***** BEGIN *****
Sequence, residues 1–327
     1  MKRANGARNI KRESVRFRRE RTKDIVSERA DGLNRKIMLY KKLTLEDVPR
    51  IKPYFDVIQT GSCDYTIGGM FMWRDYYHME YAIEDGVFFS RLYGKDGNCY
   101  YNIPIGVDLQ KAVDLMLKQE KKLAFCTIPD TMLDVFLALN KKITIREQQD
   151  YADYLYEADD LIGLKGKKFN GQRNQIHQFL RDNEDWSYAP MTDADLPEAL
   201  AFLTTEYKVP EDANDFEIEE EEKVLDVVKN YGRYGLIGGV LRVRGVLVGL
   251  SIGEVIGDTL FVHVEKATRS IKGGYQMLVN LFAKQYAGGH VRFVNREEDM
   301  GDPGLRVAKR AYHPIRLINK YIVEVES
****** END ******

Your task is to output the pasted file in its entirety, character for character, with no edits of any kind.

Sequence, residues 1–327
     1  MKRANGARNI KRESVRFRRE RTKDIVSERA DGLNRKIMLY KKLTLEDVPR
    51  IKPYFDVIQT GSCDYTIGGM FMWRDYYHME YAIEDGVFFS RLYGKDGNCY
   101  YNIPIGVDLQ KAVDLMLKQE KKLAFCTIPD TMLDVFLALN KKITIREQQD
   151  YADYLYEADD LIGLKGKKFN GQRNQIHQFL RDNEDWSYAP MTDADLPEAL
   201  AFLTTEYKVP EDANDFEIEE EEKVLDVVKN YGRYGLIGGV LRVRGVLVGL
   251  SIGEVIGDTL FVHVEKATRS IKGGYQMLVN LFAKQYAGGH VRFVNREEDM
   301  GDPGLRVAKR AYHPIRLINK YIVEVES